Diamonds of faith
November 2009 was a year when I met God.
I remember the white cracked walls of a Ukrainian hospital for patients diagnosed with blood cancer. I was lying on dirty pillows with the unpleasant smell of recent disinfection, and an old uncovered mattress, because the Ukrainian health care system did not have sufficient funds to provide good conditions for those suffering and lost like me.
I looked at the ceiling that was as much cracked as the walls, with some ugly spots from floods of those rainy days on it… cracked as my life….
I was 21, full of dreams and ambitions, but this sudden change in my body, this horrible diagnosis ruined everything.
I was angry, I hated the world, I felt that God had left me.
I looked around: some other patients in the room had small icons of Jesus and Holy Virgin above their beds, but most were complaining that it’s unfair, they didn’t understand why God had chosen them to go through this. Neither did I.
I just didn’t want to think about this anymore. I closed my eyes.
My life became a thread of long monotonous days, which were divided on days when I had chemo and got sick, and days when I was still alive to attend classes at university, and to work.
It took a bit before my mother decided that it’s her responsibility to pray for me and to show me the way to faith.
December, Christmas time, Kiev-Pechersk Lavra, the most saintly place in the whole of Ukraine. I am standing in the service at the church waiting for my first Confession and Eucharist ever. My first tears of gratitude….
The night after was the scariest night in my life. I met my personal demon – I faced my illness.
She came to me after midnight. It was a little girl with a lovely face and curly hair. She called me “Traitor” and spat into my face. My sister was peacefully sleeping beside me, but I was paralyzed with a fear and couldn’t even scream. It was real. My fear was real – it had a body, a voice, power. And I was so vulnerable. I was trying to resist praying in my mind, but I forgot words. Then she laughed and said: “You, stupid worthless animal, you will not win this battle! You bet!”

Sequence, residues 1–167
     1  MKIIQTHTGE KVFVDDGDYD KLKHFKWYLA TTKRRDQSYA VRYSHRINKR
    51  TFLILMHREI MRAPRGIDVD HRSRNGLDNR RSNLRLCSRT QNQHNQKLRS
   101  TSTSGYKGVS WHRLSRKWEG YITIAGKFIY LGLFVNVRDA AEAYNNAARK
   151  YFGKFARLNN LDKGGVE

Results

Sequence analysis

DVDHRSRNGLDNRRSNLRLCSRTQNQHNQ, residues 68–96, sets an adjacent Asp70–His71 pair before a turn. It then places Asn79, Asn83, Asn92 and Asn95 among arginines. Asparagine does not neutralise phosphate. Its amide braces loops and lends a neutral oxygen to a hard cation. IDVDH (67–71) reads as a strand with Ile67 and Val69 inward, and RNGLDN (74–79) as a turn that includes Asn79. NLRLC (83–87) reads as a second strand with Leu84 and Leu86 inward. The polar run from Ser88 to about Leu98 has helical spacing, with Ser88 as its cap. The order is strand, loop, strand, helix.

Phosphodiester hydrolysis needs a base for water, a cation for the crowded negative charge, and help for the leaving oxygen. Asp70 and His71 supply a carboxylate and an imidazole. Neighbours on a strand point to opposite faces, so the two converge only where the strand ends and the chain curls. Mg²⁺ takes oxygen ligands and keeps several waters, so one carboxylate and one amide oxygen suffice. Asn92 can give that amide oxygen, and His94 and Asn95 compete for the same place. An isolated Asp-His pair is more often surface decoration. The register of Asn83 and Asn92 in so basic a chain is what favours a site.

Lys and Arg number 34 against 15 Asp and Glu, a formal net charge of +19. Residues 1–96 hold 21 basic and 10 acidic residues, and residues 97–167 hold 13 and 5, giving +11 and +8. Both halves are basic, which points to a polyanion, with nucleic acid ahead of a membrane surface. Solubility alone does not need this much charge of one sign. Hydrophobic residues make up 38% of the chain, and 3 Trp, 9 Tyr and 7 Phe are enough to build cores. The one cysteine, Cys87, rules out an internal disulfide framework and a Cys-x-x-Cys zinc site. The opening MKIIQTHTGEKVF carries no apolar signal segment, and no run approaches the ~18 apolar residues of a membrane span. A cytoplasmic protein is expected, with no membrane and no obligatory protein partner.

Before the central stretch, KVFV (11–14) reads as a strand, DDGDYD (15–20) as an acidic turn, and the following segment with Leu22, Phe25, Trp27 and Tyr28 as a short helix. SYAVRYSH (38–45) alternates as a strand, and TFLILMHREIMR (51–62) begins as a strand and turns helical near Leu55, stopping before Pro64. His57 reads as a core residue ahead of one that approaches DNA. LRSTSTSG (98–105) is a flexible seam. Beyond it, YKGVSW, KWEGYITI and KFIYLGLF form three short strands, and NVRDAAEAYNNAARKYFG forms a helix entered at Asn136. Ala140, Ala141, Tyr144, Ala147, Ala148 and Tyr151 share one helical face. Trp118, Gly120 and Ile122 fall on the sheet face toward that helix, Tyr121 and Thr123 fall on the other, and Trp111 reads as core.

“I will… I will… I WILL,” I finally shouted at her and woke up my sister and parents. The girl disappeared and never disturbed me again. I understood that the reason she came was that she was weak, and the only weapon she had was fear.
My weapon was more powerful. I was granted faith. I went to the church, had Eucharist every week and prayed, prayed, prayed….
F & F - Fear and Faith: the two most powerful weapons in the world. Like two ends of one stick, and it’s up to you which side you choose to hold.
A few months later, my doctor said there were significant improvements: “It seems like one more chemo instead four – and you win this battle, girl!”
I finished treatment and met my Spirit Father – a priest named Oleg. The story how we met is worth a separate essay, but it was definitely a miracle, God's providence. Because sometimes we need somebody with a strong faith who can show the right direction if you doubt, who can interpret God’s signs on your way. I prayed for such person, and I got Father Oleg.
I felt full of life again, I was more active and luckier as I had been before my illness.
I started a few social projects that eventually lead me to Sweden and then to Canada.
Since then, every person, every situation and success on my way has been like diamonds in my personal Golden Thread of Faith. What I did was I just trusted God. I believed that I’m on the right track now. I am the train and He is my driver. And the speed is high. Nothing will stop me.
From a beautiful place of sunflowers and infinite sky, Where the Black Sea cuddles shiny sands of time,
Where Carpathian Mountains listen to the music of the heart of mines, That's where I come from, and where I died...
That's where I revived, Where I was reborn
To breath deeper and meaningfully. I come from that part of the world,
Where people used to be hospitable and cheerful,
But the war crushed their plans and made 'em sullen and closed. I come from that part of the world,
Where you have to be strong to survive another day Full of stress and uncertainty.
A fabulous place from my dreams. A home of my ancestors.
A place of hope and belief. A temple of grief.
But I know that one day the place I come from will revive. As I did.
It will get a new birth, a new chance. As I did.
It will breath deeper and meaningfully. As I did.
And its brave children will live a new life.
And the first letter of your name, my Motherland Ukraine, Will become everything for everyone who deserves it.
Because U is Universe.
Galyna Paliychuk, a piece for Golden Thread Contest, Faith in Canada 150